Submitted to: Xenotransplantation
Publication Type: Peer Reviewed Journal
Publication Acceptance Date: 1/5/2005
Publication Date: 3/1/2005
Citation: Loynachan, A.T., Pettigrew, J.E., Wiseman, B.S., Kunkle, R.A., Harris, D.L. 2005. Evaluation of a diet free of animal protein in germfree swine. Xenotransplantation. 12:149-155. Interpretive Summary: Basic research into the potential to use organs harvested from swine for the purpose of transplantation to save human lives has identified potential immunological and transmissible infectious disease obstacles. BSE has been transmitted to swine following intracerebellar inoculation, indicating the potential susceptibility of pigs to prion infections. Although neither natural nor experimental oral transmission of spongiform encephalopathies has been recorded in pigs, concerns about the transmission of prion proteins in feed have led to the development of a diet free of animal protein (DFAP). This study describes a method to rear neonatal pigs in a manner that precludes exposure to environmental microorganisms and animal-derived proteins. Twenty pigs were derived by Cesarian-section and housed in sterile bubble-pens. Duplicate trials were conducted in which germ-free pigs or pigs intentionally colonized exclusively with the bacterium Lactobacillus paracasei subspecies paracasei were fed either a traditional milk-based diet (Esbilac) or the experimental DFAP. On the whole, the pigs in all groups remained healthy, however, two pigs fed the DFAP developed mild diarrhea and gained less weight. The pigs were euthanized at 16 days of age. Examinations revealed no evidence of contamination or disease. The use of the probiotic, Lactobacillus paracasei, did not confer any measurable growth advantage to pigs fed either diet. The experimental DFAP was capable of sustaining life, but was not as efficacious as the conventional milk-based diet as based upon weight gain and feed-conversion.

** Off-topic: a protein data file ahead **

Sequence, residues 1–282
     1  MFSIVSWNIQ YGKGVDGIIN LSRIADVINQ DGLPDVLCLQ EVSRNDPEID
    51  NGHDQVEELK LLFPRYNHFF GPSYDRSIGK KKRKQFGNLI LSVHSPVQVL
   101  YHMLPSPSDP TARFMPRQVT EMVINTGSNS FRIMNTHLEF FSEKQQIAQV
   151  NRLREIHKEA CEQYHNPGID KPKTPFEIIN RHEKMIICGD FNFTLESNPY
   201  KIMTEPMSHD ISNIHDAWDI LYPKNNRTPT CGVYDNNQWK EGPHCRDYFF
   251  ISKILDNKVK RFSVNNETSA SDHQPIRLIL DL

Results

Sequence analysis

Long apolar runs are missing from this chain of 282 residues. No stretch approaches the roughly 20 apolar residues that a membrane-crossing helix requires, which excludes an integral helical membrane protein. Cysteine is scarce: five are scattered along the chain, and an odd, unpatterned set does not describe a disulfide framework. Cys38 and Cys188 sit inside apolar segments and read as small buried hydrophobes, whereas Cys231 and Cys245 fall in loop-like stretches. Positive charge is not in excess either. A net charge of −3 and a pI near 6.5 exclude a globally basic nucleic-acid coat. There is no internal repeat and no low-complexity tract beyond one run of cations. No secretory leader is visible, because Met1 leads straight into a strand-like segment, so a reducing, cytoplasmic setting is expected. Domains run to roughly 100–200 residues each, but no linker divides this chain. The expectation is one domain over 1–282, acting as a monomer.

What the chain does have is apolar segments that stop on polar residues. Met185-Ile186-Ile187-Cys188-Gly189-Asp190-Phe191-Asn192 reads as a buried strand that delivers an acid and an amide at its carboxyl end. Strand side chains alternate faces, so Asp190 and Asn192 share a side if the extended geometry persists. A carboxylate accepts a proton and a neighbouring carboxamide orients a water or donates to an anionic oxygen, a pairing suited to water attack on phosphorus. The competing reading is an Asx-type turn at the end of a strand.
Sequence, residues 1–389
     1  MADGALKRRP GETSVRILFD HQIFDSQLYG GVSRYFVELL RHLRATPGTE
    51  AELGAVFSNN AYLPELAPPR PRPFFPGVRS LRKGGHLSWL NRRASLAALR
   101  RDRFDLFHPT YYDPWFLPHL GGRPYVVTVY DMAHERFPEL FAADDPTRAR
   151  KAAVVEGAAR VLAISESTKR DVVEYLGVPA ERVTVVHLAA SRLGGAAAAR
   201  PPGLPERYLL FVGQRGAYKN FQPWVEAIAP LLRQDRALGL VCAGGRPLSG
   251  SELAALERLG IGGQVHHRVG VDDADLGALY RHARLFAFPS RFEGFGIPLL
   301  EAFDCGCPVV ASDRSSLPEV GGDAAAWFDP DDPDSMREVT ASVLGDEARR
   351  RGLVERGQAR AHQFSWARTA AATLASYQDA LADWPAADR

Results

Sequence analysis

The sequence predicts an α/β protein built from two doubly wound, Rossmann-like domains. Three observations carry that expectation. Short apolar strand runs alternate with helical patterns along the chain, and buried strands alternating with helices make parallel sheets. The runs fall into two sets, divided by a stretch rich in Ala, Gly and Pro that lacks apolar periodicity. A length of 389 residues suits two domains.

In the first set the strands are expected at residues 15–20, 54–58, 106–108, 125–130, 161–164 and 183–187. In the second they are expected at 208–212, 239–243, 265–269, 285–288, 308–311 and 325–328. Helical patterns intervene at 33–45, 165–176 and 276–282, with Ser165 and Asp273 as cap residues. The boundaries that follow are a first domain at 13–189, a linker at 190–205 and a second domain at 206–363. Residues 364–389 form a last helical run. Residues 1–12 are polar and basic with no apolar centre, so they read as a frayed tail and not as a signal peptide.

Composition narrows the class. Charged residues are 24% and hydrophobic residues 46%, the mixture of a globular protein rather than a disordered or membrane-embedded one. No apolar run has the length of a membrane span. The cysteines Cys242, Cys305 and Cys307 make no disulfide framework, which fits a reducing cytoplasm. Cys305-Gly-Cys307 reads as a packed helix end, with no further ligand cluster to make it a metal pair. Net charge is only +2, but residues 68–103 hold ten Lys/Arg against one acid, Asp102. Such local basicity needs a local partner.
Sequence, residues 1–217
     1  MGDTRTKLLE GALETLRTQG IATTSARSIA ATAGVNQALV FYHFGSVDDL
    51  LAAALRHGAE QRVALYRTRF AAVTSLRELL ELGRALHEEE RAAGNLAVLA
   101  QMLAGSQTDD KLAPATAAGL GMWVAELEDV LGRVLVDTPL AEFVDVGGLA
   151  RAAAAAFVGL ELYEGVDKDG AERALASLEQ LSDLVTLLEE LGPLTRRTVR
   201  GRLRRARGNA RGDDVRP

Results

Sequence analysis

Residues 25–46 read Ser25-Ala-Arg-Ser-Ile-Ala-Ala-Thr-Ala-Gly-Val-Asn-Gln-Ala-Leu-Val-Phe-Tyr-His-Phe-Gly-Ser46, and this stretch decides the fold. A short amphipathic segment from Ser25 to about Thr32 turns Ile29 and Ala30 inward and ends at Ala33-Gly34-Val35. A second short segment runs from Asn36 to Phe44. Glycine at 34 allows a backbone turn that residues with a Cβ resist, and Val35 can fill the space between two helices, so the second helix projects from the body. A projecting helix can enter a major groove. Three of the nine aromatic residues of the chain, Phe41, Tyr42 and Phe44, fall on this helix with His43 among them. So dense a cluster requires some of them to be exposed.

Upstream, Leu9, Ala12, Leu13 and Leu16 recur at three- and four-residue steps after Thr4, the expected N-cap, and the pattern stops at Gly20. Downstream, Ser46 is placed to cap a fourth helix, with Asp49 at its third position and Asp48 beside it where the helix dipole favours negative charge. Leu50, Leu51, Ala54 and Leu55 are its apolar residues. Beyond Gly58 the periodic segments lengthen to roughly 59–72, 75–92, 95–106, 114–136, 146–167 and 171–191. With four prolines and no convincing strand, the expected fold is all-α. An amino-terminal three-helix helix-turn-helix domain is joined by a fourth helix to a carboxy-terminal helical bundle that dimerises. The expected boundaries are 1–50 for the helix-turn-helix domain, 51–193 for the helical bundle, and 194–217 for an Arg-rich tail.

Technical Abstract: Two experiments were conducted in which germfree pigs or pigs monoassociated with Lactobacillus paracasei subspecies paracasei were fed either a traditional milk-based diet (Esbilac) or an experimental diet free of animal protein (DFAP). Throughout the 16-day study, animals' general disposition, total weight gain, feed conversion, and bacterial contamination were monitored. At the conclusion of the study the animals were euthanized, necropsied and tissues sampled for L. paracasei isolation. General pig disposition remained consistent between treatment groups and trials, except for two animals that developed mild diarrhea during trial 1. All pigs remained viable during the study irrespective of the diet fed or probiotic inoculation. Germfree pigs fed the Esbilac diet gained on average a total of 1034 (+/- 63.0) g, and had a feed conversion ratio of 0.17 (+/- 0.01) g of gain per 1 ml of diet. Germfree pigs fed the experimental diet gained on average a total of 599 (+/- 151) g, and had a feed conversion ratio of 0.10 (+/- .02) g of gain per 1 ml of diet. Monoassociated pigs fed the Esbilac diet gained on average a total of 862 (+ 70.3) g, and had a feed conversion ratio of 0.14 (+/- 0.01) g of gain per 1 ml of diet. Monoassociated pigs fed the experimental diet gained on average a total of 563 (+/- 96.8) g, and had a feed conversion ratio of 0.09 (+/- 0.02) g of gain per 1 ml of diet. L. paracasei established extensively in pigs fed either the Esbilac or experimental diets. L. paracasei had no effect (p>0.05) on piglet growth and did not display any interactions based on the diet fed. Statistical differences (p<0.05) were noted on measured growth parameters between trial 1 and 2, and on measured growth parameters based on the diet fed. In conclusion, a diet free of animal protein has been developed and has been shown to be capable of sustaining life in piglets up to 16 days of age.